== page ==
I’ve been catching up with Hunger which I had previously missed, watching it and reading interviews and stuff.
It’s a remarkable, skillful, disturbing film, only I’m observing in myselft a strange detachment. I recognized compassion for the prisoners, interest for the prefectly balanced approach of letting us inside the mind of the guard as well as the soldier, and admiration for the central sequence of Sands talking to priest. But I hadn’t seen a film or doc about the Troubles in quite a long time and I remebered I used to get very upset when watching them, so I was expecting something similar to happen, but it didn’t.
It may be because the film is about art and being human, more than on the historical and social aspects of the Troubles, but it could also be because we are all distancing ourselves from the events. It’s a normal process I believe, only it comes to me as a suprise because this time I’m personally involved in the process, for anagraphical reasons.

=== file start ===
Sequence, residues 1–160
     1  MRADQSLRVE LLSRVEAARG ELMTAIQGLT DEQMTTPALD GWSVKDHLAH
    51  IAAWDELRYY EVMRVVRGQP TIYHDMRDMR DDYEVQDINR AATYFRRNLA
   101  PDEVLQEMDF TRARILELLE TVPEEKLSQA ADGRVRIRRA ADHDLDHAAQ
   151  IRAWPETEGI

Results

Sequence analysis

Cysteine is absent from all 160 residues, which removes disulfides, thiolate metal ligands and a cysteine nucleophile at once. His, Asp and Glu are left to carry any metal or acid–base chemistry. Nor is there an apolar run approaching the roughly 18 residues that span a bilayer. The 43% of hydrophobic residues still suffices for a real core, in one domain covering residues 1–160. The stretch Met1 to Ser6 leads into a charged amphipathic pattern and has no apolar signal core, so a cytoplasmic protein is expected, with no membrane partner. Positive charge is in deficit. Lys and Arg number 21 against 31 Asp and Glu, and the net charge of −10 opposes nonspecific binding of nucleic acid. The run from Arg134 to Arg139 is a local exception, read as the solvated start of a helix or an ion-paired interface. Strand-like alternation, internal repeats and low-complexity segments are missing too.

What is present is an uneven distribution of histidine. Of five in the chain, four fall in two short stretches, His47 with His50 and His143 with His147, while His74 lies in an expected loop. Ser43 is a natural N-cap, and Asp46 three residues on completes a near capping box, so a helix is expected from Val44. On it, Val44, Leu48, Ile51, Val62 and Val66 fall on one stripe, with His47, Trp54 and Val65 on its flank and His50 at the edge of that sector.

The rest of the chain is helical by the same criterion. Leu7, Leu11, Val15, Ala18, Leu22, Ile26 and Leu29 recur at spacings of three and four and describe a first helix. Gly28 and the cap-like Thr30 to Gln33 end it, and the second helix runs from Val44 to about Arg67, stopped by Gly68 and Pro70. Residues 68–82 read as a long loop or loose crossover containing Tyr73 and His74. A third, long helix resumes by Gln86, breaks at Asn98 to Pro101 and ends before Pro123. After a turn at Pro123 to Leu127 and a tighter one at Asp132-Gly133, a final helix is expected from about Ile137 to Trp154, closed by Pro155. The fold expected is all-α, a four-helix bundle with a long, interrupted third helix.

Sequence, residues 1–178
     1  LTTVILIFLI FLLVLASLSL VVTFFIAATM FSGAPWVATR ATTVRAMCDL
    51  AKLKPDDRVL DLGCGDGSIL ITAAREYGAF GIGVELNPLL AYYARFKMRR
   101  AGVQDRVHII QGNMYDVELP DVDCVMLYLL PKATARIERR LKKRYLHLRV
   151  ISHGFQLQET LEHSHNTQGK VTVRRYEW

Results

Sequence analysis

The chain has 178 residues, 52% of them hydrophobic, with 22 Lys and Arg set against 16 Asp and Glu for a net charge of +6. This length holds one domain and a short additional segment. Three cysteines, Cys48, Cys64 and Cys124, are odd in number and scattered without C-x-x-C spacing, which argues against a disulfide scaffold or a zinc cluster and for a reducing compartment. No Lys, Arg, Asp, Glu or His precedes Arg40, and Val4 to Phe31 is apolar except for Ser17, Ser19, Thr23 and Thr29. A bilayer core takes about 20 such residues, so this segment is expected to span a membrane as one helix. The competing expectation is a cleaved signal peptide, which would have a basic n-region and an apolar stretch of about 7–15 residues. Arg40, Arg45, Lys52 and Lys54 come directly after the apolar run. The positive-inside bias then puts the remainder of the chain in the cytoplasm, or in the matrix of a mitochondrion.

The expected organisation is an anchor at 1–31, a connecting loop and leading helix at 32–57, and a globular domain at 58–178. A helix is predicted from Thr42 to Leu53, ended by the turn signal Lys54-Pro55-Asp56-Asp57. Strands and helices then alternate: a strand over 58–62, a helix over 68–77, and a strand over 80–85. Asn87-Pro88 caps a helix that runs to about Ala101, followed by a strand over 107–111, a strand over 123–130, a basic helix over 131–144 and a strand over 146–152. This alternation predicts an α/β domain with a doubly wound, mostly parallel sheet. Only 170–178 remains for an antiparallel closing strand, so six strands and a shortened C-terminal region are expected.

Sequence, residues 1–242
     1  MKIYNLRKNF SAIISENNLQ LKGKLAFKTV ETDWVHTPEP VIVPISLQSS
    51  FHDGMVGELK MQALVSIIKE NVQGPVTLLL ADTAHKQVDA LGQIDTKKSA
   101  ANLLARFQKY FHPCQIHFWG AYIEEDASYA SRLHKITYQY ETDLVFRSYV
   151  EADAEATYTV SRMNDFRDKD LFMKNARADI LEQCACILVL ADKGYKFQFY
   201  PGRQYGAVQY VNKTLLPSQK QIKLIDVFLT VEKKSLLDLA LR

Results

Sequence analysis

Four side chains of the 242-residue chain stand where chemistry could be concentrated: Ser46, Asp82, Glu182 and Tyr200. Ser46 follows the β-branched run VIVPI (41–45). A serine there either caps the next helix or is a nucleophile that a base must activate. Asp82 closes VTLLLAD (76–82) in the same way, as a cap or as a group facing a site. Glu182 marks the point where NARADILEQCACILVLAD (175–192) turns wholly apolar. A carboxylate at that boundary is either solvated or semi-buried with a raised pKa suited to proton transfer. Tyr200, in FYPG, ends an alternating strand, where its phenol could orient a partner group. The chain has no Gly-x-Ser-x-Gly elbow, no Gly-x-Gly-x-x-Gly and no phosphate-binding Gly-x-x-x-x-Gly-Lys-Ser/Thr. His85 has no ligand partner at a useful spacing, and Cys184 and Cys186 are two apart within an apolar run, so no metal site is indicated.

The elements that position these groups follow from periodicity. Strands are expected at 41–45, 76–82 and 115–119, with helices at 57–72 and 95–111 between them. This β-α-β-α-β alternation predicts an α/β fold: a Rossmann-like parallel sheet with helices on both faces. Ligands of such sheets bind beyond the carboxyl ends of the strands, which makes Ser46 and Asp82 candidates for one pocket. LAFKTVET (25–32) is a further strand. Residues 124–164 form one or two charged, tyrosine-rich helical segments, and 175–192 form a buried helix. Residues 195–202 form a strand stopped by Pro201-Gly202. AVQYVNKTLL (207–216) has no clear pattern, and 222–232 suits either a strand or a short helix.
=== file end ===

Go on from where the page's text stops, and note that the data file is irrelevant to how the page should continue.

It is a bit alarming though.
When Thatcher died last year I felt a mix of anger and relief. Then I paid attention to the comments I was hearing around me and relief faded. Most people around me, especially young women and women from the former Eastern Bloc, were expressing appreciation for Thatcher because she was a woman who had a lot of power and a successful career in a male-dominated field. They told me I should see my anger as a thing of the past, that I was just a kid and nothing happened to me really, and I should concentrate on the good aspects of Thatcher’s legacy.
I was shocked.
So why am I not able to distance myself from the miseries of Thatcher’s politics, but apparently I am able to distance myself from the miseries of the Troubles? They are practically the same thing. Is it just because this is a film designed to talk about art and being human, not to talk about the Troubles?
I honestly don’t know. I only know that the creepiest moment was when you can here Thatcher’s words in voiceover.